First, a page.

The border closure would be a temporary measure, according to Ukrainian president Petro Poroshenko, but not the turn westward. Poroshenko wants to keep Russia out of eastern Ukraine while Kyiv tries to settle with its rebellious provinces what kind of federalist structure will work to keep them from restarting the civil war. But regardless of whether a permanent settlement can be reached, Ukraine will apply for EU membership by 2020 to complete their exit from the Russian sphere of influence, Poroshenko declared:

President Petro Poroshenko instructed his government on Thursday to consider temporarily closing Ukraine’s porous border with Russia to help halt its “intervention” in the Westward-leaning former Soviet state’s affairs.

A senior Ukrainian security source told AFP the measure was designed to seal the frontier to automobile traffic would and enter into force “soon”.

The step — if and when it is adopted — underscores the extent of Ukraine’s alienation from its historic master.

Poroshenko also said his ex-Soviet country would apply for membership of the European Union in 2020 as part of a broader political and economic reform plan.

The closure of the border will hurt Ukraine’s economy more than Russia’s, but Poroshenko might not have many options open to him. Russia may have pulled back most of its troops, but there is little doubt that they are still supporting the rebels in the east. Closing the borders won’t end that entirely, but it might make it more difficult to accomplish and force the rebels to get the best deal they can while they can.

In the west, Ukraine is already looking west, and not just economically:

The eastern provinces are not monolithically rebellious, either. The Washington Post gives readers a vignette of life in the midst of a frozen civil war, where residents have to remember which streets are whose:

Khutor and Nika move briskly on the sidewalk, but not fast enough to draw attention. They have tried to memorize the “wrong streets” — the ones where they know the pro-Russian rebels who seized this city now regularly stand guard in camouflage, AK-47s poised. But sometimes the two of them get it wrong. Like now.

A muscular dirty-blond bearing a studied look of intimidation and an arm patch with the banner of the so-called New Russia clutches his weapon firmly as they pass. Khutor, 42, and Nika, 33, lower their heads. They cease talking. In a place where even a trip to the supermarket has become a ritual of stress, the couple tighten their grips on their bags of groceries, as if pointing them out. See? Just ran out for some milk and bread. Thanks now. Got to go.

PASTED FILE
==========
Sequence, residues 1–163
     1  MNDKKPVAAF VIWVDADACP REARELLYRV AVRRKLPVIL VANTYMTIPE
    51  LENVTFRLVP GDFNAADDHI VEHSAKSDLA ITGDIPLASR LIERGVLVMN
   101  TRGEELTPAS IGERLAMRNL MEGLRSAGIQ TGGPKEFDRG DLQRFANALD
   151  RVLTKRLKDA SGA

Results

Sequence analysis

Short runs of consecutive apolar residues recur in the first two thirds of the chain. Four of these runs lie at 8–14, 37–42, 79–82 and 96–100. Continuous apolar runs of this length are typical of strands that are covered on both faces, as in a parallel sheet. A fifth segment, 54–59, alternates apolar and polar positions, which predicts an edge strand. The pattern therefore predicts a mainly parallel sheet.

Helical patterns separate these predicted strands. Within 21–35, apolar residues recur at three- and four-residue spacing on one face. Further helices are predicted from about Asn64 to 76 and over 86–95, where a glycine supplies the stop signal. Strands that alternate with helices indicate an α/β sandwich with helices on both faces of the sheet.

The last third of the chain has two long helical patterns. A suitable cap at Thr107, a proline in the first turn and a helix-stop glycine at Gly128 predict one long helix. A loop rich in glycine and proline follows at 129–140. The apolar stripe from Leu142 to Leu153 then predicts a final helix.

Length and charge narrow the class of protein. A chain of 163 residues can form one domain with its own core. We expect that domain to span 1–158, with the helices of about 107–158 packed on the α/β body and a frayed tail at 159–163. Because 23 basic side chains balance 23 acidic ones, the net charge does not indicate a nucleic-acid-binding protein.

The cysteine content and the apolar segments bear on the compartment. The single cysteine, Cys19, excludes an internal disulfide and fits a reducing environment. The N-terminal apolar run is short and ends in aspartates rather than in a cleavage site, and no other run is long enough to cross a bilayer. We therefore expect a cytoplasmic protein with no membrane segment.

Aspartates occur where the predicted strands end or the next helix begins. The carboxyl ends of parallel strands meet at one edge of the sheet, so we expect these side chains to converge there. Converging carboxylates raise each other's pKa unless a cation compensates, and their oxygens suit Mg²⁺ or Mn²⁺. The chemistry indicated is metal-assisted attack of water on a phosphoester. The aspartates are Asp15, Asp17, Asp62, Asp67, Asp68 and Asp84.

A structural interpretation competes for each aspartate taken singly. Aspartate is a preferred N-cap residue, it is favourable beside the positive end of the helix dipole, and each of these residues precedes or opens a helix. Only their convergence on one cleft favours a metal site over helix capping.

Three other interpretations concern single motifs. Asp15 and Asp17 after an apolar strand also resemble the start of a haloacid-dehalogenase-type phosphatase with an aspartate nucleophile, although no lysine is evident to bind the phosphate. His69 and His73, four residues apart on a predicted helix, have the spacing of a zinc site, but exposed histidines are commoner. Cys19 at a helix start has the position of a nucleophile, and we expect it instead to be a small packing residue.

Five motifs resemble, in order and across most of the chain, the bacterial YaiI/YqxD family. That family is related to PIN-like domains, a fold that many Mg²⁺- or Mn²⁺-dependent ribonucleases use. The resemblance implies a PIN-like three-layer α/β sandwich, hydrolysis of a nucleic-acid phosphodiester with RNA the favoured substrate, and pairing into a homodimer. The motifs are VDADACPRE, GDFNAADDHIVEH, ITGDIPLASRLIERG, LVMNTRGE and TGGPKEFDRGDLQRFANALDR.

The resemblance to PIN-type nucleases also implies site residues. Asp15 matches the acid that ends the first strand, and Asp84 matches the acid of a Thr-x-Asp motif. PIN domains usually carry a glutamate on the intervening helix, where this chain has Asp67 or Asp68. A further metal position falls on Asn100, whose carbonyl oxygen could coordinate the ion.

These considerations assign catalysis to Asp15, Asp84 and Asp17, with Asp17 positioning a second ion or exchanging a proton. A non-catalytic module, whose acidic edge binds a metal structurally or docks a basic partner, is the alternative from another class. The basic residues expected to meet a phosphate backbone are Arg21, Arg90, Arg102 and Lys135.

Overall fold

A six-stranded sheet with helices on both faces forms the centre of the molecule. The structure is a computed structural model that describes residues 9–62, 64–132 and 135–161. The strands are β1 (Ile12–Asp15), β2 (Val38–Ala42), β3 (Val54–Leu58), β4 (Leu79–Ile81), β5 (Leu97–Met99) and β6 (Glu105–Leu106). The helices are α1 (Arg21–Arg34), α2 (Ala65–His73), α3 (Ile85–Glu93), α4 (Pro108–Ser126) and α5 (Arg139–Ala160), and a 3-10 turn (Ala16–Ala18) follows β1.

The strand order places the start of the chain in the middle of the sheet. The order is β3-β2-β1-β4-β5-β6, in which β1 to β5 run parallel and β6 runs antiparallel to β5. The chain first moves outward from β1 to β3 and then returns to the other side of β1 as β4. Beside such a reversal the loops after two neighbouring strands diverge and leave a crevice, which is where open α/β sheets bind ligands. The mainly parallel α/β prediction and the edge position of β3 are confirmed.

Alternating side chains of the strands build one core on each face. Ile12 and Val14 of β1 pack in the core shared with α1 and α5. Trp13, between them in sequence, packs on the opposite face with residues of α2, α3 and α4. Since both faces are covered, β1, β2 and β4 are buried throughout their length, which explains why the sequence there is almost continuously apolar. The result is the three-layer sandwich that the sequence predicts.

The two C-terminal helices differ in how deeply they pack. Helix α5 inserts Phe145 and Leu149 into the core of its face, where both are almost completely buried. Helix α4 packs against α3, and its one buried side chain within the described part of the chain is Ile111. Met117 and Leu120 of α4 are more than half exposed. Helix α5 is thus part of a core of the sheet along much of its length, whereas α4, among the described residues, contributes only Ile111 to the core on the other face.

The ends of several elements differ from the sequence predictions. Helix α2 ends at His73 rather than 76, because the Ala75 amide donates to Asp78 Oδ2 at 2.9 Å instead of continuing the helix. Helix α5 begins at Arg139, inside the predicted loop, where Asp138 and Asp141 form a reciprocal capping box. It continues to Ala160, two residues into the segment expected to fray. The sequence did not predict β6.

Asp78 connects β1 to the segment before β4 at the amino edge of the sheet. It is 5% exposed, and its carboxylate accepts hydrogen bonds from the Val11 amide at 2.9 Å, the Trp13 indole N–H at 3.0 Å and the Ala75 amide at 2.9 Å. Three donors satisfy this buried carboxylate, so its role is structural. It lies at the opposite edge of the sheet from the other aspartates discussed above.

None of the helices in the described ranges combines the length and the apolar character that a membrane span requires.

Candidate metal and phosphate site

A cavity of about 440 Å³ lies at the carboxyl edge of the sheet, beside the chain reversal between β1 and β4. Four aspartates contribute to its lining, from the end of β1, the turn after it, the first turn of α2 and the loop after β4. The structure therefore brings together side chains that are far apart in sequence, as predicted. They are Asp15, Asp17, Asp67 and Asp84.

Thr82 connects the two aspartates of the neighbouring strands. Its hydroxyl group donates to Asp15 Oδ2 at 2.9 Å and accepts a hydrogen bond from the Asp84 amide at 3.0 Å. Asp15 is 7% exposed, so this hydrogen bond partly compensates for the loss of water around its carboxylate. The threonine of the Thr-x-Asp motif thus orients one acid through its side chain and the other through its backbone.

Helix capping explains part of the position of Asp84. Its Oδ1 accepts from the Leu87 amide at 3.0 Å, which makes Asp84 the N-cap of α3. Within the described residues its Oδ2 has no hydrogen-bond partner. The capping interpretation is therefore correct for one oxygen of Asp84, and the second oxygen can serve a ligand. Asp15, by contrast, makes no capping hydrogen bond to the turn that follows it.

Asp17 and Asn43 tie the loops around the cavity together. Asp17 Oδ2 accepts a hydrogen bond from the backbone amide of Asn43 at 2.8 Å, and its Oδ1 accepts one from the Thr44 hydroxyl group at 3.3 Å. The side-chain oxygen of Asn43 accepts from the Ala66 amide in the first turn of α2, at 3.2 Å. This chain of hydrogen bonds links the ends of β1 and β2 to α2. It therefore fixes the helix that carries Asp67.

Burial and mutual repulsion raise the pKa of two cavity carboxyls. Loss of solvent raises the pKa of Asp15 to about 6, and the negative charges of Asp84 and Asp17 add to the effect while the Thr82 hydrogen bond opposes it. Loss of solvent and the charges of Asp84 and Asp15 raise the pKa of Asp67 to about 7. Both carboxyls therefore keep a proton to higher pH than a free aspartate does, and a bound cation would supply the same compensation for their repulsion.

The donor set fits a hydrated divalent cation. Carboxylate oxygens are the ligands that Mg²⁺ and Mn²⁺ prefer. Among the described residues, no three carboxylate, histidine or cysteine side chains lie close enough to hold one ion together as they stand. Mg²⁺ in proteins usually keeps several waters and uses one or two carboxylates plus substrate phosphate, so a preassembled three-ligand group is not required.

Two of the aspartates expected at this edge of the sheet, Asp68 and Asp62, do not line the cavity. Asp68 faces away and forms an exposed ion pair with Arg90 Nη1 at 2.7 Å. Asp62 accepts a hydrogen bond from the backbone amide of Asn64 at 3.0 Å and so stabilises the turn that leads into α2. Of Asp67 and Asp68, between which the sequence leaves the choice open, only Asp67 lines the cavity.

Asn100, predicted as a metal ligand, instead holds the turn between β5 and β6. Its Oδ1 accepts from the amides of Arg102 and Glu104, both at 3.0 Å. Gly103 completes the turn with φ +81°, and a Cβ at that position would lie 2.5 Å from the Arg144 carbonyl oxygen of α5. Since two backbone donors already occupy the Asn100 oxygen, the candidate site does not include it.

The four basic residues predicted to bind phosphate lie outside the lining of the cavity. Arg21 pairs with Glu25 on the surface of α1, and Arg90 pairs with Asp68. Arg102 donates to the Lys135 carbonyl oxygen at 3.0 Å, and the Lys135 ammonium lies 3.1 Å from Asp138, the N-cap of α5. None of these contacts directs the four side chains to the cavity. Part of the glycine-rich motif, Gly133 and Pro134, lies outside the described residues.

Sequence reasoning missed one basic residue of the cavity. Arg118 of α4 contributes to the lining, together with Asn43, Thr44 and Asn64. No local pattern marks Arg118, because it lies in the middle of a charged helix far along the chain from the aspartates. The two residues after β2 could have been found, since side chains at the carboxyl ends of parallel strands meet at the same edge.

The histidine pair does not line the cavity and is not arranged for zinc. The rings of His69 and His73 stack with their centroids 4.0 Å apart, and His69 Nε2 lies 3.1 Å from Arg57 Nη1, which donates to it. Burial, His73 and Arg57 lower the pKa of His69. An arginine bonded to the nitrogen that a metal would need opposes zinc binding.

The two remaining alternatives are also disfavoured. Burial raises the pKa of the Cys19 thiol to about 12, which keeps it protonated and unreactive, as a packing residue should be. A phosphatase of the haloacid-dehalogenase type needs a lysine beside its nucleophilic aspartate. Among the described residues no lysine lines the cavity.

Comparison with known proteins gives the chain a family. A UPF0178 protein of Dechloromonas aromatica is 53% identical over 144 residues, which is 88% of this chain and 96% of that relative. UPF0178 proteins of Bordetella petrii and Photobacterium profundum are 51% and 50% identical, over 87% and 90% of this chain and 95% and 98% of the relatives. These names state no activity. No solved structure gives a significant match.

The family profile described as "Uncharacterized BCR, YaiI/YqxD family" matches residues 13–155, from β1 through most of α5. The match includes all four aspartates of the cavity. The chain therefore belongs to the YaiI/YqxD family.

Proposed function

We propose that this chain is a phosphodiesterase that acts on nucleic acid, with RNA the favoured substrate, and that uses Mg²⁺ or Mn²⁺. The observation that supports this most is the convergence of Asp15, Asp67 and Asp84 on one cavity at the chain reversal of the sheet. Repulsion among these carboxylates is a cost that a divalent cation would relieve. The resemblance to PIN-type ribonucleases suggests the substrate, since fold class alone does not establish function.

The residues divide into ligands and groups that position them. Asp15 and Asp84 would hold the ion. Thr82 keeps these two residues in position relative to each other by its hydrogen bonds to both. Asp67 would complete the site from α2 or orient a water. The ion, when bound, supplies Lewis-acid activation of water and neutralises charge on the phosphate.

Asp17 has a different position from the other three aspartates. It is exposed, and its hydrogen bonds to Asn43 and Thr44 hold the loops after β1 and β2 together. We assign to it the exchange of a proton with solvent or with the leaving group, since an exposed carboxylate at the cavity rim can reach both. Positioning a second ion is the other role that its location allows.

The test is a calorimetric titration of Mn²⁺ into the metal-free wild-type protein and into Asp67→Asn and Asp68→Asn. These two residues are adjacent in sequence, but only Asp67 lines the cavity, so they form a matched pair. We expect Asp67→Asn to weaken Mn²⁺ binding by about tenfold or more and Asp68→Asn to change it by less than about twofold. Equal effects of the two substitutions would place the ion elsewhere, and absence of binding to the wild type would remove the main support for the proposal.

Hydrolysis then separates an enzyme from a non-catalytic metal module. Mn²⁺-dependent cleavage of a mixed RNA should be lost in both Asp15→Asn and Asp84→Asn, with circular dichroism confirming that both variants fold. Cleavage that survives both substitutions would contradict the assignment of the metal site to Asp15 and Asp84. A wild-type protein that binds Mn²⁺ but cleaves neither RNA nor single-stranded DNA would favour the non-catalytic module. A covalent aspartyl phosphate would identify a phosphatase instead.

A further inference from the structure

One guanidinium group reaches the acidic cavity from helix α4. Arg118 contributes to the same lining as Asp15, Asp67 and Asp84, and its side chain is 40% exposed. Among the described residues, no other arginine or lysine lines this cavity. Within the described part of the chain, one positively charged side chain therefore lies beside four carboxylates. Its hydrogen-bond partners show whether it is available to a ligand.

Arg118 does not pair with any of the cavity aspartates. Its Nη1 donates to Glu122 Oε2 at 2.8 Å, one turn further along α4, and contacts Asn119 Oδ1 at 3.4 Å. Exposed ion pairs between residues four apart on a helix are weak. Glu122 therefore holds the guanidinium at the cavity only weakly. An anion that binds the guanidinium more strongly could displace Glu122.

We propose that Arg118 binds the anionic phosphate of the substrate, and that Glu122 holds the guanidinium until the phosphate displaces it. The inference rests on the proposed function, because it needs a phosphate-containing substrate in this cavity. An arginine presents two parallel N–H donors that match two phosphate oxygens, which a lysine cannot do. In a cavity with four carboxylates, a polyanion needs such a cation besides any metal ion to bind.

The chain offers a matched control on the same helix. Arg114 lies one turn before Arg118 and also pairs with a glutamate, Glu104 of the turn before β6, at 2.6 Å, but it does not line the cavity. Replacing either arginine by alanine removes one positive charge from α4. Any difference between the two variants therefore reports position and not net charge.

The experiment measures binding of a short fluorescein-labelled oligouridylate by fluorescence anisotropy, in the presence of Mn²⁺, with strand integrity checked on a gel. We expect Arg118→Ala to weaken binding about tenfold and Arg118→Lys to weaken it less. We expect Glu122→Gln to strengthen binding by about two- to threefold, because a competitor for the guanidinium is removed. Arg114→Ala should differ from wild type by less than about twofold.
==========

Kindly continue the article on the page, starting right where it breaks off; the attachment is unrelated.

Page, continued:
In this metropolis that had a prewar population of almost a million, but where the city center now feels like an Orwellian ghost town of propaganda posters and armed patrols, perhaps no one feels more alone than those who still harbor pro-Ukrainian sentiments. Since the separatists took total control here, human rights and Ukrainian activists say, an untold number of loyalists have been extorted, abducted, tortured and, allegedly, executed. Many have left in search of sanctuaries farther west. But a small number of them — like Khutor and Nika — are riding out the storm. …

Even those still loyal to Kiev in this city concede that a great number of their neighbors and (former) friends are supporting the pro-Russian uprising. Even more Donetsk residents are simply pragmatic, prepared to back the guys with the biggest guns if that means an end to the fighting.

But they have all effectively found themselves living in a police state. For pro-Ukrainians, it is one where their views can mean terrifying trips to “the basement” — or makeshift detention centers for suspected spies.

Poroshenko’s declaration won’t make their lives any easier, but it probably doesn’t surprise many on either side. The new regime in Kyiv has been adamant about moving their nation closer to the rest of Europe and away from Moscow, even through a civil war when it might have been easier to throw back in with Moscow. For too many in the western part of the country, remaining in Russia’s orbit is too much like the era of Soviet domination; for many in the east, Russia is not just a neighbor but a cultural and ethnic homeland, while Europe evokes too many nightmares of Nazi occupation.

Those differences may just be irreconcilable, even with an autonomous relationship with Kyiv. People like Khutor and Nika may need to think about moving westward, because when the EU issue becomes acute the civil war and the police state will likely get a lot worse, unless Poroshenko can find a way to make peace in the east.